look and learn

clean/unclean (清/污)
the water that we (eventually) drink - photo of lower peirce by J

The school holidays are coming to an end. Marianne Suresh* (13) and her cousins, Ignatius (11), Victor (10), Jacinta (8) and Julitta (6) have been spending most of it at their Grandmother's flat at Ang Mo Kio Ave 1, and clearly running out of things to do. Between helping grandma make dinner or her suggestion to Marianne to "bring your cousins to the reservoir and see the monkeys?", the latter won more votes.

The reservoir is not far away. Marianne can see the mass of trees from the 10th floor corridor where her Grandmother pointed out the traffic junction where she would find the road leading to the reservoir.

It was early evening last Friday when J and I bumped into their little excursion as we, too, took our bicycles to the Lower Peirce Reservoir. We cycled on the path along the periphery of the reservoir, until it ended at a little bridge that led to the golf course nearby. The famous five had also gathered there, having a mini-conference in front of a sign with a waterdrop mascot that introduced the reservoir as "millions of drops of water like me".

"Excuse me," Ignatius walked towards J. "Where is the reservoir?"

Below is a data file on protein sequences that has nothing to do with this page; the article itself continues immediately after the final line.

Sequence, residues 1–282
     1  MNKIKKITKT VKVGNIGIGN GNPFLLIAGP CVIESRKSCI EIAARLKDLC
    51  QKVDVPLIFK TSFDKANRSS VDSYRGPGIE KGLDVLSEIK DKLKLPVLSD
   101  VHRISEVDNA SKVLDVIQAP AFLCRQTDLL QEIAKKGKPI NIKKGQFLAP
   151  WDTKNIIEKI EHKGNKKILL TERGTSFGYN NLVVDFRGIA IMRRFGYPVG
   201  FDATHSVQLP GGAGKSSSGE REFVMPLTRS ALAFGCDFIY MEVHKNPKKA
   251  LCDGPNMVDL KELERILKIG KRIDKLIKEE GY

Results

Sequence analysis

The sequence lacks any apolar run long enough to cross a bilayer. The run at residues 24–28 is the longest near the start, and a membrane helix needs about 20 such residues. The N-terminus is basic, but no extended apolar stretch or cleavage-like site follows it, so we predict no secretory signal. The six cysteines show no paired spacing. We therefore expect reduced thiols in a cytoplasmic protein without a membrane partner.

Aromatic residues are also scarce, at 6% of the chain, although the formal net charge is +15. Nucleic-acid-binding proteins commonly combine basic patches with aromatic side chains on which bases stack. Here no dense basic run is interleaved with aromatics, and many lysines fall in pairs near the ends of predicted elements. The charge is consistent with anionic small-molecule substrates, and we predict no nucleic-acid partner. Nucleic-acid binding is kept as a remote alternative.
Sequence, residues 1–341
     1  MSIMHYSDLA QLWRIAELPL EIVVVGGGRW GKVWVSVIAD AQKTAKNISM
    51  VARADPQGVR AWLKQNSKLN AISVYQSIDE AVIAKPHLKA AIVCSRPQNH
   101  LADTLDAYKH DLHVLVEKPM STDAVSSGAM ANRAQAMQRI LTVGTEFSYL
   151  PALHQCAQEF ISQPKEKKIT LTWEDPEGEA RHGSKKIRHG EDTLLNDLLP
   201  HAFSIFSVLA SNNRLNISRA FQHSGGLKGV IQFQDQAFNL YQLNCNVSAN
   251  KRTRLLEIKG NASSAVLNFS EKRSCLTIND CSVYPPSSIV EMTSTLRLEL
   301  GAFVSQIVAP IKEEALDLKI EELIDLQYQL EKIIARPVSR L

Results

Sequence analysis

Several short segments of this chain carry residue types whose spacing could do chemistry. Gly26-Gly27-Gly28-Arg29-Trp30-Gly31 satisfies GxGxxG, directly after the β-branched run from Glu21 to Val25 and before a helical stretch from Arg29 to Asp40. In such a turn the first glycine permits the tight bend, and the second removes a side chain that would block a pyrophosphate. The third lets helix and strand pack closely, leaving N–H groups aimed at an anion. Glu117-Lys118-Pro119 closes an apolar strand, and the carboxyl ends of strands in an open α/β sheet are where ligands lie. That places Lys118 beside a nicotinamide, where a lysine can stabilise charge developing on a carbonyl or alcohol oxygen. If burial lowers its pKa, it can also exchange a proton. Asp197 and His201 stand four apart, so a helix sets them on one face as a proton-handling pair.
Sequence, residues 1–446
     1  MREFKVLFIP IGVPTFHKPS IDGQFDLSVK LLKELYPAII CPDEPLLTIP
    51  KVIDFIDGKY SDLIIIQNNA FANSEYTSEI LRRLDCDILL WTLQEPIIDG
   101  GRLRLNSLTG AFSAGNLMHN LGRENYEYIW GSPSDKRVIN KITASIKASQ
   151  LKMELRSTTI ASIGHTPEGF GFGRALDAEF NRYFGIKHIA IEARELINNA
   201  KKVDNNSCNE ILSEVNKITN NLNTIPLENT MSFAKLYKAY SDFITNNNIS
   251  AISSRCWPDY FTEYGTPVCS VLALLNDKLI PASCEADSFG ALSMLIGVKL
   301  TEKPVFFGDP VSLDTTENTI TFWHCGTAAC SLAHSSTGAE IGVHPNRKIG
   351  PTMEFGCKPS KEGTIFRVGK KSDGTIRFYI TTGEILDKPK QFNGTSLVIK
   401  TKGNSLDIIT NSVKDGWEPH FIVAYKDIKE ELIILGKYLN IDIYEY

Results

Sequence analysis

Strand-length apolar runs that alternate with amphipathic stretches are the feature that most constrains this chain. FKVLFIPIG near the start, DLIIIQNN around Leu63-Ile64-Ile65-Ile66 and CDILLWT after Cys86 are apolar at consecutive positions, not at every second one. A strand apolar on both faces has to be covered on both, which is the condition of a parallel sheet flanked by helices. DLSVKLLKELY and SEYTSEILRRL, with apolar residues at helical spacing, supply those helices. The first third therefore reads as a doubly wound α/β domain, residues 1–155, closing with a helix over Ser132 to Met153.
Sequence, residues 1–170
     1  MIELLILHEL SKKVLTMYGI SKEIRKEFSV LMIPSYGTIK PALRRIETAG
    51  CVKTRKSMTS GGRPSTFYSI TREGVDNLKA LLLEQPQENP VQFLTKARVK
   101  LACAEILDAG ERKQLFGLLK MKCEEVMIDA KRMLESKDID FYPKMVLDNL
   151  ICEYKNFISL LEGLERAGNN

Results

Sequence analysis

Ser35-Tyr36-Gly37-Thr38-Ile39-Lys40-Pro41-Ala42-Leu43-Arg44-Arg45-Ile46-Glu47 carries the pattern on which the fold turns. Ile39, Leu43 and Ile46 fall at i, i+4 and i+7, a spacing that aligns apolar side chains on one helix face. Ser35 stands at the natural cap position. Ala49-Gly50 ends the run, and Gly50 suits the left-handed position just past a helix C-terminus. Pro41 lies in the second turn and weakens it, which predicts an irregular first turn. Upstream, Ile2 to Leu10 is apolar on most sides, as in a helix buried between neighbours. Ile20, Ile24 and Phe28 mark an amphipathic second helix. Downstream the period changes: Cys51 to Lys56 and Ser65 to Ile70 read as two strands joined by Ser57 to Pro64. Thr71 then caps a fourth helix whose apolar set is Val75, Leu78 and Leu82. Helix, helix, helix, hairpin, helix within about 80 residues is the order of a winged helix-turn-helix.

"Er - This is the reservoir - " J gestured at the large, clear jade body of water we were standing beside, the supposed source of the Kallang River.

Ignatius and, by now, Victor and Marianne looked at us silently with disbelief for some 2 seconds. Behind them was a 20 by 20 metre concrete pool, exposed and dry. Their eyes told us they thought J was trying to pull a fast one.

"This - " J pointed again at the landscape before him, "is the reservoir."

"Thank you..." Ignatius offered blankly.

They ran back to the sign and wandered closer to peer at the empty concrete pool. Two minutes later, having exhausted their interest in the mysterious "reservoir" that was empty, they would continue onto their next task.

"Excuse me uncle." We heard behind us and turned around to find Julitta. "Excuse me uncle, where are the monkeys?"

"You see those trees there?" I pointed at a spot diagonally across the water, while Uncle J was busy looking amused.

"Yah, there?"

"If you walk there, the trees over there - there's a wooden path for you to walk on - maybe you'll see monkeys."

"Thank you!"

Then off they went, hopeful that they would find the very creatures J and I would rather not bump into.

And so we learn, to recognise the things we are already looking at but do not see. And sometimes, we may need to see and experience the thing on our own before we come to recognise it.

*Their names and context are made up.


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